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Features Health & Wellness HCH receives grant for bone density scanner

The Appalachian Regional Commission (ARC) has awarded a $25,000 grant to the Highlands-Cashiers Hospital Foundation to go toward the cost of a new bone density scanner project to address prevention and treatment of osteoporosis, a bone disease that can result in fracture, back pain and deformity.

“This grant from The Appalachian Regional Commission is a major step forward in the Foundation’s efforts to help the hospital fund this vitally needed program for our community demographics,” said Robin Taylor, Executive Director of the Hospital Foundation. “We are very pleased that the board of the ARC recognized the importance of the role of this new equipment in meeting real medical needs in our community.”

A large portion of the aging population served by Highlands- Cashiers Hospital (HCH) is at risk for Osteoporosis. The needs for prevention, early detection and monitored treatment of this oftentimes debilitating disease will be addressed by having an on-site scanner as well as support programs for exercise and nutrition through HealthTracks.

The Dual Energy X-Ray Absorptiometry, or DEXA, scanner will provide patients bone density measurements conducted in the Hospital’s own Radiology Department. With onsite convenience, patients will no longer have to wait weeks for appointments, weeks for results or travel off in the mountain for other locations.

Test results will also be stored electronically on the hospital’s PACS (Picture Archiving and Communication System) system that can be virtually sent to the patient’s primary care physician and stored year to year for comparisons.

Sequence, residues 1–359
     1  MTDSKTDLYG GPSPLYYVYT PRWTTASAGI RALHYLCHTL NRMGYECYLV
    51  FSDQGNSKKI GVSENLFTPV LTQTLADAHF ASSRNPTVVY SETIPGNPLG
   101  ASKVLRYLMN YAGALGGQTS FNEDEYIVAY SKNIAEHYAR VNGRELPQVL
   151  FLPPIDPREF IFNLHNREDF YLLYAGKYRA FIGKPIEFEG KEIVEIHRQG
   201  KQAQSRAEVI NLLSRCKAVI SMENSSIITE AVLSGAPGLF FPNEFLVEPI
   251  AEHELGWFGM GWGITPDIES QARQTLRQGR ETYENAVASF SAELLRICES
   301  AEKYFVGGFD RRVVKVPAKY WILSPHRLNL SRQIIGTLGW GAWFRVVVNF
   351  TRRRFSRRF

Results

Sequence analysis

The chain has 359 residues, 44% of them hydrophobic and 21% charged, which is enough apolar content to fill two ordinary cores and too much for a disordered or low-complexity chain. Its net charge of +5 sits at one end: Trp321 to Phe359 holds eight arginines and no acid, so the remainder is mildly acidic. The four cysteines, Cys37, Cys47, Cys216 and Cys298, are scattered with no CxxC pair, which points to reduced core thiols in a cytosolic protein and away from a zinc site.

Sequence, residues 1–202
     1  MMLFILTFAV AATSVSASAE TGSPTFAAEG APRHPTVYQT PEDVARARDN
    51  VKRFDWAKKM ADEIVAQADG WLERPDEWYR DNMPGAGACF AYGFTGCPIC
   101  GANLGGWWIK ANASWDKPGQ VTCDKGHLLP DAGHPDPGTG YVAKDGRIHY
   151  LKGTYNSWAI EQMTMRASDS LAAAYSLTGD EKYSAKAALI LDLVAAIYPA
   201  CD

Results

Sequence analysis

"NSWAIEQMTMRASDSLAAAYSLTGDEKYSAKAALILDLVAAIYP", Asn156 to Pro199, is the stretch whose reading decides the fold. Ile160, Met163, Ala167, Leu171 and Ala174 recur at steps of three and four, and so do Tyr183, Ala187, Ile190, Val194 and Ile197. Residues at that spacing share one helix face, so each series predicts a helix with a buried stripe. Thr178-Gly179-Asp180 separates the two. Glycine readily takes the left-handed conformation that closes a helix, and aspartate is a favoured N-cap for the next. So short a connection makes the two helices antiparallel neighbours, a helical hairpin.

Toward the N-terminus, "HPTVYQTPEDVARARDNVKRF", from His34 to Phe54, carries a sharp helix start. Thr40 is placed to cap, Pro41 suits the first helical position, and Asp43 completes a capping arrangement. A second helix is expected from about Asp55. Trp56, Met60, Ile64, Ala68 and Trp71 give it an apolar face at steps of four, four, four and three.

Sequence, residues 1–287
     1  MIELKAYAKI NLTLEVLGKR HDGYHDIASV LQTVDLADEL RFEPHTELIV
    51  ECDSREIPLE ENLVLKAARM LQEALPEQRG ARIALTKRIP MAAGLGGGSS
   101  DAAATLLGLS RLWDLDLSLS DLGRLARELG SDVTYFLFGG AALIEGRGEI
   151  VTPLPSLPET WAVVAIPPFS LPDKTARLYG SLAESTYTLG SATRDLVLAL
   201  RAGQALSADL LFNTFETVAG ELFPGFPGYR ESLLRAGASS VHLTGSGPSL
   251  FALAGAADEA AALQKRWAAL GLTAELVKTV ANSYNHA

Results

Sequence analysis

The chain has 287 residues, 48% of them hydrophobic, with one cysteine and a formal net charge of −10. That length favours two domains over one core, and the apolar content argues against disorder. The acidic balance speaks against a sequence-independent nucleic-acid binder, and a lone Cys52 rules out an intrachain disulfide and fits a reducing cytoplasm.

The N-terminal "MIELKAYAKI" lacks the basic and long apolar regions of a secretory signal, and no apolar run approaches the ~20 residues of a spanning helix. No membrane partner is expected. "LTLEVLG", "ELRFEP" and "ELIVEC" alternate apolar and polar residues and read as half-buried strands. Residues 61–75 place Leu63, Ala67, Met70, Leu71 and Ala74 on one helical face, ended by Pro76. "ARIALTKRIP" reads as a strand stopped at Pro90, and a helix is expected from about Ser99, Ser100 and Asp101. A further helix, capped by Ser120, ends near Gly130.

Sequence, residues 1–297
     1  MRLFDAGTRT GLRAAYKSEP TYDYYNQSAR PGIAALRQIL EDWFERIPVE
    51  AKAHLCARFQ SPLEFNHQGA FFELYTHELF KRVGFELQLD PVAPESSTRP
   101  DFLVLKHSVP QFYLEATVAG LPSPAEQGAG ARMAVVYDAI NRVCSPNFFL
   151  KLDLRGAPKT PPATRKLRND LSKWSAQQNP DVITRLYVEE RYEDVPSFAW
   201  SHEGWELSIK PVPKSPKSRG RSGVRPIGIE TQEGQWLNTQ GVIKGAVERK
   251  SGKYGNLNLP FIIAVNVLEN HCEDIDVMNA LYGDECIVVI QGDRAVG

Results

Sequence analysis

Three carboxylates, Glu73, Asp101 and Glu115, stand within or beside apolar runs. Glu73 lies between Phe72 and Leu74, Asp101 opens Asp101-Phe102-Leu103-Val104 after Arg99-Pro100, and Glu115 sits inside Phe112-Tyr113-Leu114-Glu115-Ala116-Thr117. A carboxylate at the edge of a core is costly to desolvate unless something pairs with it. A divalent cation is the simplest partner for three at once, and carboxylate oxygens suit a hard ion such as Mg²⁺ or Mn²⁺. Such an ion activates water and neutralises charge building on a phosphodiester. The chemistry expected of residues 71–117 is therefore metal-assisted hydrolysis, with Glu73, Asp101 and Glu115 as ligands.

“Local access to an on-site bone density scanner provides the most comprehensively validated test to detect and prevent fracture outcomes, said Hospital President and CEO, Craig James. “Ultimately, the surrounding communities will benefit through reduced risk of life threatening hip fractures, chronic back pain and deformities which commonly occur when osteoporosis goes undiagnosed and untreated”.

The remaining cost of the equipment and installation will be funded through contributions from community members to the Campaign for Community Healthcare Excellence. To date an additional gift of $10,000 has been donated by Wicke and Rufus Chambers through the Cullasaja Cares Fund.

The new equipment is expected to begin serving patients at HCH in early 2012.

“Our Foundation, strives to assure that the Hospital has the latest in diagnostic equipment to provide the highest possible standard of care to our communities. We are deeply grateful to the ARC, as well as our generous community donors who come together to help us keep pace with stateof- the art technology for our patients. We are also fortunate to have our medical staff of board certified physicians and registered technologists who are vital to the quality of care provided here,” she added.

The Appalachian Regional Commission is a regional economic development agency that represents a partnership of federal, state, and local government. Established by an act of Congress in 1965, ARC is composed of the governors of the 13 Appalachian states and a federal co-chair, who is appointed by the president. Local participation is provided through multi-county local development districts.

Each year ARC provides funding for several hundred projects in the Appalachian Region, in areas such as business development, education and job training, telecommunications, infrastructure, community development, housing, and transportation. These projects create thousands of new jobs; improve local water and sewer systems; increase school readiness; expand access to health care; assist local communities with strategic planning; and provide technical and managerial assistance to emerging businesses.


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